Over the past couple days I’ve been rereading William Gibson’s Neuromancer. I say ‘rereading’ because obviously I’d read it before, some time in the early 1990s, maybe – but once I got past the second chapter I found I remembered nothing about the book at all. I suspect I tried to read it when I was too young – my mid teens, perhaps. (It was released in 1984), couldn’t penetrate it beyond the first few pages, and then it became such a pivotal text over the next decade I just sort of convinced myself I’d read the whole thing. There should be a word for this.
Anyway, for a novel about high technology in the near future there are some charming anachronisms. The main character hopes to get rich selling ‘megs’ of RAM on the black market. Wireless technology doesn’t seem to exist – the ‘matrix’ can only be accessed through physical connections (‘jacking in’). And the sinister AI Wintermute contacts the hero through a ‘pay-phone’. (Obviously the orbital resorts, ubiquitous biotech implants and famous cyberspace virtual reality environments are slightly more robust than current levels of technology.)
The most famous passage in the book – other than the opening line – is probably:
The matrix has its roots in primitive arcade games. … Cyberspace. A consensual hallucination experienced daily by billions of legitimate operators, in every nation, by children being taught mathematical concepts. … A graphic representation of data abstracted from banks of every computer in the human system. Unthinkable complexity. Lines of light ranged in the nonspace of the mind, clusters and constellations of data. Like city lights, receding.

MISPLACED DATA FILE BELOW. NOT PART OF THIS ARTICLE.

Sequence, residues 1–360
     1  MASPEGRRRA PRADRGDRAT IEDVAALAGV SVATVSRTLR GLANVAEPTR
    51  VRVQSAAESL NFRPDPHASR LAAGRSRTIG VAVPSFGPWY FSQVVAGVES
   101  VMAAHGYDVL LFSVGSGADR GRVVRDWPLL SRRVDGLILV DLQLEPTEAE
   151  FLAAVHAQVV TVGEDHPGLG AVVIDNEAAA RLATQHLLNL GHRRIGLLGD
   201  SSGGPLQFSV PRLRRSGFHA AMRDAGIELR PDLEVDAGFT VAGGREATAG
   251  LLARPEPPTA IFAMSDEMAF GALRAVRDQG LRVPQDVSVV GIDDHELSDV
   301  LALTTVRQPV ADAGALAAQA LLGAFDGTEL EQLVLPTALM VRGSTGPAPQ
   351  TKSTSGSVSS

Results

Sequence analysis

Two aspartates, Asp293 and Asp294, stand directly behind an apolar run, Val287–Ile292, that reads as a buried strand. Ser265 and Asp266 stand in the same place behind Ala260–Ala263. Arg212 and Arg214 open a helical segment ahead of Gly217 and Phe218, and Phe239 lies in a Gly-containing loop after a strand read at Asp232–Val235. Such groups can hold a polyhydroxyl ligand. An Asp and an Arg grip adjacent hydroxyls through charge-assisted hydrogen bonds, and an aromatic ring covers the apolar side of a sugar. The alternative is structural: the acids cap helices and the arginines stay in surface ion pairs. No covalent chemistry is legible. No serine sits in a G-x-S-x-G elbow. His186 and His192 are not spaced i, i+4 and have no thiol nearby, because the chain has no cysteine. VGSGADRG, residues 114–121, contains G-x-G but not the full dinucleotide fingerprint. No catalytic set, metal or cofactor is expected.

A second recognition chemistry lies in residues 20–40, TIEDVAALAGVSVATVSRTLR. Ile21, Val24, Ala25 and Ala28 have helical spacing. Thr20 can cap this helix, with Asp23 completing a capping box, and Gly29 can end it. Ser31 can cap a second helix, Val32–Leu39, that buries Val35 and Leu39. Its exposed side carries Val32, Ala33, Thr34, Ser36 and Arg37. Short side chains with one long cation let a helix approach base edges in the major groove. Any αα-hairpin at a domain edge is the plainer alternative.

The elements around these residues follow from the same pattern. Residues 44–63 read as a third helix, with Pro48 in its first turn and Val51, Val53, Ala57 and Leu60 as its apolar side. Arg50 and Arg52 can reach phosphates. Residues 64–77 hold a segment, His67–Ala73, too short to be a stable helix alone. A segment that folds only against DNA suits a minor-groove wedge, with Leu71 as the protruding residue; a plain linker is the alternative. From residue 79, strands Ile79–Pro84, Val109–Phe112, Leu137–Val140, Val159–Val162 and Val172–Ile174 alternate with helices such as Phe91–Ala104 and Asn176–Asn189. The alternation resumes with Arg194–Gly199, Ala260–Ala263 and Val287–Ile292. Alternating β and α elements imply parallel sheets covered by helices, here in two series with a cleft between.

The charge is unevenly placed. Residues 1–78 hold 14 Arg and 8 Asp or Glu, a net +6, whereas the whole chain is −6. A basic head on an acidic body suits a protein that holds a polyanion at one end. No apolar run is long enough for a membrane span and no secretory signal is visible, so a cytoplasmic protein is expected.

The cliched – unfalsifiable – claim people make about that passage is that by imagining the internet Gibson called it into being. TCP/IP had been around for a few years before the novel was published so there was a certain amout of inevitability about the commercialisation of network technology – but you gotta give him huge points for vision.
Neuromancer is a sci-fi novel – arguably the most famous and influential sci-fi book of all time – but in genre terms it’s a fusion of a 1940’s style crime caper and a 1970s style drug novel. I’ve enjoyed Gibson’s recent books, but Neuromancer is a class above them. I remember Count Zero as being pretty good (or at least I think I do) and I think about it almost every time I write ‘count = 0′ in a line of code, so I plan to chase that up next.